- A resolution proposed by Ameren Missouri shareholder the Missouri Sierra Club calls on the investor-owned utility (IOU) to move from its current renewable energy generation of about 1% to 30% by 2030, surpassing the state's 15% renewables by 2021 mandate.
- A utility spokesperson said the company continues to execute its 20 year plan and move toward an energy mix made up of “renewables, natural gas, hydro, and nuclear” that takes into consideration “costs, risks, fuel diversity, customer preferences, and economic development opportunities” on behalf of its entire shareholder population.
- Though the utility has built the O'Fallon Renewable Energy Center, which is the state’s biggest IOU-owned solar project, as well as wind generation and a major landfill gas facility, Sierra Club argues it is “underinvested” compared to Kansas City Power & Light’s 12% renewables and the state of Iowa’s 28% renewables.
The Ameren shares were donated to Sierra Club from a member’s inheritance. Though it and the utility may reach a settlement on the issue, the resolution is more likely to come to a vote at Ameren's April investors meeting because the Club wants it put before the entire shareholder base.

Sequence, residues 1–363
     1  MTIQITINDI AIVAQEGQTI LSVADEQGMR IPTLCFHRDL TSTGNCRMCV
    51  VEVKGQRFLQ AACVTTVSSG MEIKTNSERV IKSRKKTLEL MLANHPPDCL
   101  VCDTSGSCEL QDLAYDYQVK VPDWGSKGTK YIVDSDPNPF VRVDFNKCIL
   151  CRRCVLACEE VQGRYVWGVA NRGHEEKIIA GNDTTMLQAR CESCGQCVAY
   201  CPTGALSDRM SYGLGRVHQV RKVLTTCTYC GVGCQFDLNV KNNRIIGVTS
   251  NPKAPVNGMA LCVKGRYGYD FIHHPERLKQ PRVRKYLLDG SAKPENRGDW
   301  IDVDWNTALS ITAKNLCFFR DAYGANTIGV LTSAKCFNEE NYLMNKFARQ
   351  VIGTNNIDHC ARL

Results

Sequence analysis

The resolution’s timing coincided with compliance discussions on the Clean Power Plan, which requires Missouri to reduce its power-plant carbon emissions 36.7% from the 2012 level by 2030. The state is among the 27 suing the EPA to stop the plan, a legal battle expected to reach the Supreme Court.
In a related story, the Missouri Public Service Commission rejected Ameren Missouri’s recently-proposed Missouri Energy Efficiency Investment Act because the efficiency program would cost customers $300 million over three years, but would not benefit the majority of the utility’s 87% residential customers who do not participate.
In rejecting the proposal, which provides rebates to customers that do energy efficient upgrades, the commission asked the utility to show the efficiency measures would be effective and to show that the reduced demand for electricity would reduce earnings for its generation mix.